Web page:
The bill also requires colleges to coordinate with local law enforcement, including sharing investigative responsibilities, preserving evidence and training certain university officials about sexual violence.

Because many sexual assault cases are handled by the colleges (generally because there is not enough evidence to prosecute in a criminal court), universities don’t have to follow annoying rules like “procedure” and “evidence.” This problem is best illustrated by Duke University, which actually says that because “disciplinary hearings are not trials,” the university is “not constrained by rules of procedure and evidence typically used in a court of law.”

Many other colleges, including these Ivy League universities, can find a student guilty based on a preponderance-of-evidence standard, or 50.01 percent guilty instead of the typical “beyond reasonable doubt” standard.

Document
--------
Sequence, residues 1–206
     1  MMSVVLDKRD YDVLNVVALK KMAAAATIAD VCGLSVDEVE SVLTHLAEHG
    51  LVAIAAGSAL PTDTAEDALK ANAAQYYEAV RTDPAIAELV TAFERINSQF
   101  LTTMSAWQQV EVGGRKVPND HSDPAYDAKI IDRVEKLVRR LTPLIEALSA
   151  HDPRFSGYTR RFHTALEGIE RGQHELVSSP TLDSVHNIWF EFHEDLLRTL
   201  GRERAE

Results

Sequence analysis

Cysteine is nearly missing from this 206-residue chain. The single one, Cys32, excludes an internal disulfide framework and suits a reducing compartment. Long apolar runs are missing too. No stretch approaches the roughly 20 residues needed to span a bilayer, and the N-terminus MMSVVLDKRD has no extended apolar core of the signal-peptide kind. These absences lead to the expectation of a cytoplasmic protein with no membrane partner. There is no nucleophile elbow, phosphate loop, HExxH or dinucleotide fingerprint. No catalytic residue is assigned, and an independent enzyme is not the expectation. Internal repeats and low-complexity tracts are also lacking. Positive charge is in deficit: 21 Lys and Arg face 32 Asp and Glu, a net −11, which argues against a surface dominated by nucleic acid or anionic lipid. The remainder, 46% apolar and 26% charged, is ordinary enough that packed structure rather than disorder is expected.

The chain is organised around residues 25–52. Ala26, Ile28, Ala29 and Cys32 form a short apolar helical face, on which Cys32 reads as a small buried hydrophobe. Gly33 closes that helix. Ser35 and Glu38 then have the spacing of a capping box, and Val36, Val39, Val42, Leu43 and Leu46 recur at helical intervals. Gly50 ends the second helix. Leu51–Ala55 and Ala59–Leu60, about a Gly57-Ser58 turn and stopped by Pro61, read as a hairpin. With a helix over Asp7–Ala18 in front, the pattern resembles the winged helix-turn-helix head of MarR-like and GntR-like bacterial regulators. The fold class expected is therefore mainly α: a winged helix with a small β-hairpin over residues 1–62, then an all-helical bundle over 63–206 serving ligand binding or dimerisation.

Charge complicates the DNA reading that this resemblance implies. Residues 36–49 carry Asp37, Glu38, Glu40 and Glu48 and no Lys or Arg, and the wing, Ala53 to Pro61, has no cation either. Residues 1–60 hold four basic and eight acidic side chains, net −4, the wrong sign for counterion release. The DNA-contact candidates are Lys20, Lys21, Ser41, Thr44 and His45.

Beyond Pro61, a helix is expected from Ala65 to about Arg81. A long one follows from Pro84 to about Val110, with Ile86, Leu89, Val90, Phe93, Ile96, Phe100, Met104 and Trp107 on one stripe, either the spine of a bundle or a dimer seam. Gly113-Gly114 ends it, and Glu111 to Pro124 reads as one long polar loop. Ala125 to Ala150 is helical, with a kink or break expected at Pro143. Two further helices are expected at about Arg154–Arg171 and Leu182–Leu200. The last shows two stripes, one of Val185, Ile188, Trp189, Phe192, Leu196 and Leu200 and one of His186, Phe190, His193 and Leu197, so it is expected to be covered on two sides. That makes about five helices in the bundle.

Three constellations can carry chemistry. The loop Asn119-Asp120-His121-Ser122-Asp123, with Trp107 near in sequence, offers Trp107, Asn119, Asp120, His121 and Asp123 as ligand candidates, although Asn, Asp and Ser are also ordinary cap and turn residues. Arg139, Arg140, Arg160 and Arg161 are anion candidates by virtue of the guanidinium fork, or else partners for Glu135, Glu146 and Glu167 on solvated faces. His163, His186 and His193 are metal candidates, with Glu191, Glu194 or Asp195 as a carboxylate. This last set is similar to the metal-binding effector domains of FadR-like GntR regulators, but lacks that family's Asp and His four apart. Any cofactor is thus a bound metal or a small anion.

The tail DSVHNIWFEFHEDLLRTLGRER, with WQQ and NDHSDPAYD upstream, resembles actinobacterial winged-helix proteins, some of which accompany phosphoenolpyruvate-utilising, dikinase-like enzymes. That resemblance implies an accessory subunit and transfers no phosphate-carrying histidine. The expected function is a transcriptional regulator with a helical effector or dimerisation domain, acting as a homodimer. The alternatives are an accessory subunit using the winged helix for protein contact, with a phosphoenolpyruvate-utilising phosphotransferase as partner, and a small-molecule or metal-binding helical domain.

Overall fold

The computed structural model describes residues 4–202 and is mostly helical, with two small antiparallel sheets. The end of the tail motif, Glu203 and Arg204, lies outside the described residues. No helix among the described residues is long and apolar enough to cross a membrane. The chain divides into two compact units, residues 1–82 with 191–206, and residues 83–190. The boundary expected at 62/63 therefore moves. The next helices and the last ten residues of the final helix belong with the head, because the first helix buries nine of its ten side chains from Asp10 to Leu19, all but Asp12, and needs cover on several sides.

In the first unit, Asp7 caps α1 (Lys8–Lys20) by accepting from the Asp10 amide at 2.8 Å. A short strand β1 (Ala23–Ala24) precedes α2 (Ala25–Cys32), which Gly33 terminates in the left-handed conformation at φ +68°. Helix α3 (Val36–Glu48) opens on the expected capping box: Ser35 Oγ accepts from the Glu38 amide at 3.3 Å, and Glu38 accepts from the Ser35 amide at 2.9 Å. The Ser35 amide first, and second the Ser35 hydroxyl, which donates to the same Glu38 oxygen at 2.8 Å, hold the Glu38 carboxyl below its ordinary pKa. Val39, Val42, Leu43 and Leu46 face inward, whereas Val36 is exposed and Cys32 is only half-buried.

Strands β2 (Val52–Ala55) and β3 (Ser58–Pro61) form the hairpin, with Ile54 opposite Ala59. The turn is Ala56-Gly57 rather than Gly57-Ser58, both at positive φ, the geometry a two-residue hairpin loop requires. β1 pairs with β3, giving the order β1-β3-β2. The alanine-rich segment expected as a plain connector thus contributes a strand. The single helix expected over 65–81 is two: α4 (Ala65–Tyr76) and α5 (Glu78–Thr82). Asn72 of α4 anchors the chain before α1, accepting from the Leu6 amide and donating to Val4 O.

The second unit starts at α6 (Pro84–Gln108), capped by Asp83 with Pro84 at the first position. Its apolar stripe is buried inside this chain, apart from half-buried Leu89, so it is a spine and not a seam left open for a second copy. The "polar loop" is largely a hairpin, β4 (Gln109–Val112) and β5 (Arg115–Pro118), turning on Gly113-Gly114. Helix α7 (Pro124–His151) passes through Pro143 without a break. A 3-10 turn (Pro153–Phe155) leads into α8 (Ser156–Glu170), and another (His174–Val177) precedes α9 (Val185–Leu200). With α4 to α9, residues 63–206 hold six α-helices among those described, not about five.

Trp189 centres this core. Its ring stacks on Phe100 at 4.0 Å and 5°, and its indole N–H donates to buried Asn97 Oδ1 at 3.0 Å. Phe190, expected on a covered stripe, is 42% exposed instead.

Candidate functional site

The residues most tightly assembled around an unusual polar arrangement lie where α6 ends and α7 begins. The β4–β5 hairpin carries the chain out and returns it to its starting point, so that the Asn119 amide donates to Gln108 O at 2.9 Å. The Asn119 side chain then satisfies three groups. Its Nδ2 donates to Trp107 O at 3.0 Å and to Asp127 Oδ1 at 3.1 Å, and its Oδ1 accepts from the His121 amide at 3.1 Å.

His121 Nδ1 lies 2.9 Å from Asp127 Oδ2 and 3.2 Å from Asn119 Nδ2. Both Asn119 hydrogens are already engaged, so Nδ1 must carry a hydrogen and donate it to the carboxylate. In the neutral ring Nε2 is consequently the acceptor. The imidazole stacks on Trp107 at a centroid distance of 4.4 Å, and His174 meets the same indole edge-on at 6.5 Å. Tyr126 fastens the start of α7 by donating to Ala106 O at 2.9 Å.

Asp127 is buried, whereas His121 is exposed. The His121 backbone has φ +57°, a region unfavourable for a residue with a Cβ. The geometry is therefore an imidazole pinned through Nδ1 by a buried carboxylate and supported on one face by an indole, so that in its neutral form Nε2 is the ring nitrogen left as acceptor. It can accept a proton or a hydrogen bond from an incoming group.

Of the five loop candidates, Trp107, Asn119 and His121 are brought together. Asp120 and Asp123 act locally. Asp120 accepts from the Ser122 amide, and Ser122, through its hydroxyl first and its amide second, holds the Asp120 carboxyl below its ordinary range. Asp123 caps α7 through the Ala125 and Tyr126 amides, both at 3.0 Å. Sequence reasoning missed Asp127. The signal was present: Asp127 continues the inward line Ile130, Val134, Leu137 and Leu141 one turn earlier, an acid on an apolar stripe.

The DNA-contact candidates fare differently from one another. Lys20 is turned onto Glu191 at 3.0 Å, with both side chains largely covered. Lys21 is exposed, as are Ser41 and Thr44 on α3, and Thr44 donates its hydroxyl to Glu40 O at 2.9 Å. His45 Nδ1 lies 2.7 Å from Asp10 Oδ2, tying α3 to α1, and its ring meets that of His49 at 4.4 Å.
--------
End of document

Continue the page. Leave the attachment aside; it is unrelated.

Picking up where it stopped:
So, will local authorities be treating accusations of sexual assault as crimes and take over investigations for colleges, or will colleges only have to coordinate with police for certain situations? And what would those situations be?

4. Will there be “support services” for the accused?

The bill will establish “university support for survivors of sexual violence.” Nowhere does it mention any kind of support services for those accused.

The “confidential advisers” designated to assist accusers will “perform a victim-centered, trauma-informed (forensic) interview” with the accuser. They will also inform the accuser of what they can do next, whether that be notifying campus officials or local police. The advisers may also assist accusers in reporting the incident.